Dante Gabriel Rossetti (12 May 1828 – 9 April 1882 / London / England)
Sonnet LXXXVI: Lost Days
The lost days of my life until to-day,
What were they, could I see them on the street
Lie as they fell? Would they be ears of wheat
Sown once for food but trodden into clay?
Or golden coins squandered and still to pay?
Or drops of blood dabbling the guilty feet?
Or such spilt water as in dreams must cheat
The undying throats of Hell, athirst alway?
I do not see them here; but after death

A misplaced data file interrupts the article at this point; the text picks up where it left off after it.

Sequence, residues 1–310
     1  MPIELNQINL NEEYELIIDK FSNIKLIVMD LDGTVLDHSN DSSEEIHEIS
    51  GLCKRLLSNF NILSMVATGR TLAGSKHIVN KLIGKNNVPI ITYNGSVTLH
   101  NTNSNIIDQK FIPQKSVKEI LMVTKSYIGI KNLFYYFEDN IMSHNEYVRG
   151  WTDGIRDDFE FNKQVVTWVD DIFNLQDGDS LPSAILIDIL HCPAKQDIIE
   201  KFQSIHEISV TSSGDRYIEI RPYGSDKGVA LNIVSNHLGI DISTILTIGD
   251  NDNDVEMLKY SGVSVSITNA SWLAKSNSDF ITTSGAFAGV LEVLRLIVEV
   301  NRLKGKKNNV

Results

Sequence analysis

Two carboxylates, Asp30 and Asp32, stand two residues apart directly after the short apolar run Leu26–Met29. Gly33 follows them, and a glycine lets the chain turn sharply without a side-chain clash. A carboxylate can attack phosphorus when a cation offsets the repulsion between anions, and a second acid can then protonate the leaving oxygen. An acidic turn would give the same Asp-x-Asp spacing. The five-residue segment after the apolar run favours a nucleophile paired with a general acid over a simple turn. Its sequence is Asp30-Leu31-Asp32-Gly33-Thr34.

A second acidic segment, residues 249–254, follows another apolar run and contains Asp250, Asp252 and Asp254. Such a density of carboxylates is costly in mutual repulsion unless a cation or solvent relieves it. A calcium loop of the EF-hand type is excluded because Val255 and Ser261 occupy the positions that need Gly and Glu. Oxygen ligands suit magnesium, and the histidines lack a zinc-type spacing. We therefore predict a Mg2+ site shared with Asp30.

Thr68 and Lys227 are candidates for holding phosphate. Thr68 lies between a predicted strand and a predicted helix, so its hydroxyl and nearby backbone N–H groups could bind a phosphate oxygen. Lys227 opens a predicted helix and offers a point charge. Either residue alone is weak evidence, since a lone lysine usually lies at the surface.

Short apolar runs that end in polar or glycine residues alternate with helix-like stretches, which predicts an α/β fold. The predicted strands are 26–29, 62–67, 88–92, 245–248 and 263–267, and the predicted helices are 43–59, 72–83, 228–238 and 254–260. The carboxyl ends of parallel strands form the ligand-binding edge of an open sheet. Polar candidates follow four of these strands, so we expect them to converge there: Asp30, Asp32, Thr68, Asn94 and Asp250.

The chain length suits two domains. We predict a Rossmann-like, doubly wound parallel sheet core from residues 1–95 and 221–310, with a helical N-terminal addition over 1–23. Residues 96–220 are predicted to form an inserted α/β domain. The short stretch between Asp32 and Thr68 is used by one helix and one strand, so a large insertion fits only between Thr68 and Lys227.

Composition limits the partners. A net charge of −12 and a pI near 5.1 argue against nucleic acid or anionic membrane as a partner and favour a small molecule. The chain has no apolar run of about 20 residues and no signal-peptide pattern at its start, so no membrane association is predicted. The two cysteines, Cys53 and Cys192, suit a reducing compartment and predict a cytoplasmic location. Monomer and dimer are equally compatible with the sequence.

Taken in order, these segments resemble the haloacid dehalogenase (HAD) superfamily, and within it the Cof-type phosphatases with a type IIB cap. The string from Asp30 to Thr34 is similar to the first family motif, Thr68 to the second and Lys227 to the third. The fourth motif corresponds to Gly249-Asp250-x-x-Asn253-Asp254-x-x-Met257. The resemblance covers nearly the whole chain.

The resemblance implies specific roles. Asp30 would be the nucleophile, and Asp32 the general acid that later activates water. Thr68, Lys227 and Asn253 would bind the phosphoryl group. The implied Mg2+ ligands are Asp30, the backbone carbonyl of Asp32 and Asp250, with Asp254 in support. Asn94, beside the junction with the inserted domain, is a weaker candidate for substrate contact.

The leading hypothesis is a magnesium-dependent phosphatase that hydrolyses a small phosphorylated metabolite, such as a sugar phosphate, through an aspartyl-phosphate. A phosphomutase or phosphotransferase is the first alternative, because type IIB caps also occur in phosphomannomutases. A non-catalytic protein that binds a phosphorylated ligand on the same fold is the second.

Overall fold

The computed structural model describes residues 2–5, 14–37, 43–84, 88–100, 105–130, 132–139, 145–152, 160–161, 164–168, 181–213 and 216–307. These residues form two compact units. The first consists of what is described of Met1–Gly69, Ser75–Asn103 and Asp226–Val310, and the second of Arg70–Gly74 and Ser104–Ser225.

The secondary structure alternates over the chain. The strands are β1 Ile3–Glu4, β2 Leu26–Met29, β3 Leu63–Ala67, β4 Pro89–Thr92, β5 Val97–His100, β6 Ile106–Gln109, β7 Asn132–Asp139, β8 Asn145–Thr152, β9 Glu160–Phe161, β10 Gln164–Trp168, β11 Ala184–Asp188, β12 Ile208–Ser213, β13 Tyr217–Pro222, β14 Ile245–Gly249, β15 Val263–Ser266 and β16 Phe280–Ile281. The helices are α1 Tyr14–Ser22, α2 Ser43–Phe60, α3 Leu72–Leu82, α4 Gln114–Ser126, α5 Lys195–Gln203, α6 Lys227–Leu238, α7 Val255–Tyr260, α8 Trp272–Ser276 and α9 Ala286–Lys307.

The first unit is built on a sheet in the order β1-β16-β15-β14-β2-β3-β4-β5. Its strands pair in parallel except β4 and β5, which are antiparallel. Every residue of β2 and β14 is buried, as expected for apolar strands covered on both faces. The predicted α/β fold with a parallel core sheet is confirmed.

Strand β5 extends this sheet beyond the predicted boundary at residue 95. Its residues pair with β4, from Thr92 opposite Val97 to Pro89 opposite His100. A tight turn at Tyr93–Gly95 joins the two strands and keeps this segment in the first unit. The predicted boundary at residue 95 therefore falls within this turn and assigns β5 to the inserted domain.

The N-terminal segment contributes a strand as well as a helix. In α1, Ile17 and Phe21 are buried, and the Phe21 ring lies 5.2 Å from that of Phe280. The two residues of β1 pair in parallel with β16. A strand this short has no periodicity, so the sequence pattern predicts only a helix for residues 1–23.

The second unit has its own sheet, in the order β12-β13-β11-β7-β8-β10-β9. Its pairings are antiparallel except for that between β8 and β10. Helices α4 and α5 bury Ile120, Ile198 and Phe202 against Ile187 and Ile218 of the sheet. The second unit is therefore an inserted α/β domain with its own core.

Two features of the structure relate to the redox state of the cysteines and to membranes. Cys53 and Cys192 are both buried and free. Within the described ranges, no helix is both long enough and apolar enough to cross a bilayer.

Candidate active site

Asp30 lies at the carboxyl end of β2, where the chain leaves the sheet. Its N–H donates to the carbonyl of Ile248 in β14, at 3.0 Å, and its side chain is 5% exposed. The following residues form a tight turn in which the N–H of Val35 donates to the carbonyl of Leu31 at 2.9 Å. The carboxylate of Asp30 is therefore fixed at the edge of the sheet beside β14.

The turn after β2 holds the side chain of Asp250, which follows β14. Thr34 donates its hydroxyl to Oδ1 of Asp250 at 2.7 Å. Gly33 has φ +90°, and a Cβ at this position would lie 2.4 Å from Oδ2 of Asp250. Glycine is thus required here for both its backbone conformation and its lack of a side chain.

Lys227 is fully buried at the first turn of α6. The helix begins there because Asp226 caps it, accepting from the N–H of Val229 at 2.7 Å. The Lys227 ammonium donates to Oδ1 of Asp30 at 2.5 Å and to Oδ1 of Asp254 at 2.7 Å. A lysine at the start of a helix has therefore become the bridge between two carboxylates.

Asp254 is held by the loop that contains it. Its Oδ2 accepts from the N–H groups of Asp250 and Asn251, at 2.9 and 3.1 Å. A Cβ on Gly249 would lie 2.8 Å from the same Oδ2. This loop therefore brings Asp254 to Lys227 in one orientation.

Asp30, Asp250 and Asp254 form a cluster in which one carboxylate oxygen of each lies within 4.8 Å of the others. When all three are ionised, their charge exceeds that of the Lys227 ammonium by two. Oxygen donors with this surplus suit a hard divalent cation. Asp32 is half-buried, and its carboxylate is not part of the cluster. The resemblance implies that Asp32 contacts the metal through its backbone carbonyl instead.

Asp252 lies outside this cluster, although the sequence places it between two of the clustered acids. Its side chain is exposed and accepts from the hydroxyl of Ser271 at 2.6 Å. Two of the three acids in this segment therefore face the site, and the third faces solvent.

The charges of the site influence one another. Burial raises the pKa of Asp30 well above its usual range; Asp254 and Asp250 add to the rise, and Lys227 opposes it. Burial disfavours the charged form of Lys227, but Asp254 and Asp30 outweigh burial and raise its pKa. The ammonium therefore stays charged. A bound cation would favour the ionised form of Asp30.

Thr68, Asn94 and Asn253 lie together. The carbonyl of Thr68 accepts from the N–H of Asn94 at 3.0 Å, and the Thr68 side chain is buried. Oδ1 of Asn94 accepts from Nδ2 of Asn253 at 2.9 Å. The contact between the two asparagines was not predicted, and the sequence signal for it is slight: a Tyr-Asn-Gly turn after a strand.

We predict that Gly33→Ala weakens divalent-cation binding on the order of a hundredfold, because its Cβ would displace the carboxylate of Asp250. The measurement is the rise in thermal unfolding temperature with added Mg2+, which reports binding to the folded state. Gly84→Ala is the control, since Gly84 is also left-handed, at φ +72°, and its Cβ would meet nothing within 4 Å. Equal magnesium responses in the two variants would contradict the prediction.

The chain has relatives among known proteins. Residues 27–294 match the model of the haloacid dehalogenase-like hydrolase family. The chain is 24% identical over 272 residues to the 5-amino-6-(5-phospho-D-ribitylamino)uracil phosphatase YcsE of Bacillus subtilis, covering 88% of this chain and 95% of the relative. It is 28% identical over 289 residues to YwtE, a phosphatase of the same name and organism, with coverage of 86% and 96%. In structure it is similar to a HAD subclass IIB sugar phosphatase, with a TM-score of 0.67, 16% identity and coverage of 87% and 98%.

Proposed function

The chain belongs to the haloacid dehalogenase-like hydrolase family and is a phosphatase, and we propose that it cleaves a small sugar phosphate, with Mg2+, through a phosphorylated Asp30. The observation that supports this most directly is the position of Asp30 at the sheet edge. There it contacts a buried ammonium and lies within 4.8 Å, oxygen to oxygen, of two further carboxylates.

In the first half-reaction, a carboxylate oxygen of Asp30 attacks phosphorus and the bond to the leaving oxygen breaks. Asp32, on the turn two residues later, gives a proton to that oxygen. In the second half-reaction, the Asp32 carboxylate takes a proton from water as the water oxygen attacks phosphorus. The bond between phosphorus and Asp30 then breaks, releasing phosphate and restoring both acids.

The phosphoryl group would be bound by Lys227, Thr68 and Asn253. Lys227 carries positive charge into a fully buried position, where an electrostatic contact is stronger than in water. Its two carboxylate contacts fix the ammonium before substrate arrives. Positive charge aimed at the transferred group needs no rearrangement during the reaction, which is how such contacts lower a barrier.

God knows I know the faces I shall see,
Each one a murdered self, with low last breath.
“I am thyself,—what hast thou done to me?”
“And I—and I—thyself,” (lo! each one saith,)
“And thou thyself to all eternity!”
Comments about this poem (Sonnet LXXXVI: Lost Days by Dante Gabriel Rossetti )
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